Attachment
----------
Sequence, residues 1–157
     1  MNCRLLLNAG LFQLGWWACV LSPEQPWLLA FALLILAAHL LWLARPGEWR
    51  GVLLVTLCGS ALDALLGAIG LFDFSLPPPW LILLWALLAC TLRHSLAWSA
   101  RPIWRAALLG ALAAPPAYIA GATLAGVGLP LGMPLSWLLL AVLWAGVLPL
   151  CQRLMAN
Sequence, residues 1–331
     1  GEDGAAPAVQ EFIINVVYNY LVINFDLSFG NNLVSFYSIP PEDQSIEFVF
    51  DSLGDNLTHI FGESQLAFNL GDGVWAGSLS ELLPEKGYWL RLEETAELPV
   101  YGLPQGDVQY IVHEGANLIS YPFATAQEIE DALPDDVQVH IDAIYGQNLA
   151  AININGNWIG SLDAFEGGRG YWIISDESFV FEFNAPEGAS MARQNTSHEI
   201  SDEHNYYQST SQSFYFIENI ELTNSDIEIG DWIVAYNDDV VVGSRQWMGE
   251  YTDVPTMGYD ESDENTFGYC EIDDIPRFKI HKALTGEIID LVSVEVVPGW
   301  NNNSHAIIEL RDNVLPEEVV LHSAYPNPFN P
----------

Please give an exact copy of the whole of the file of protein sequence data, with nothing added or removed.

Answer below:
Sequence, residues 1–157
     1  MNCRLLLNAG LFQLGWWACV LSPEQPWLLA FALLILAAHL LWLARPGEWR
    51  GVLLVTLCGS ALDALLGAIG LFDFSLPPPW LILLWALLAC TLRHSLAWSA
   101  RPIWRAALLG ALAAPPAYIA GATLAGVGLP LGMPLSWLLL AVLWAGVLPL
   151  CQRLMAN
Sequence, residues 1–331
     1  GEDGAAPAVQ EFIINVVYNY LVINFDLSFG NNLVSFYSIP PEDQSIEFVF
    51  DSLGDNLTHI FGESQLAFNL GDGVWAGSLS ELLPEKGYWL RLEETAELPV
   101  YGLPQGDVQY IVHEGANLIS YPFATAQEIE DALPDDVQVH IDAIYGQNLA
   151  AININGNWIG SLDAFEGGRG YWIISDESFV FEFNAPEGAS MARQNTSHEI
   201  SDEHNYYQST SQSFYFIENI ELTNSDIEIG DWIVAYNDDV VVGSRQWMGE
   251  YTDVPTMGYD ESDENTFGYC EIDDIPRFKI HKALTGEIID LVSVEVVPGW
   301  NNNSHAIIEL RDNVLPEEVV LHSAYPNPFN P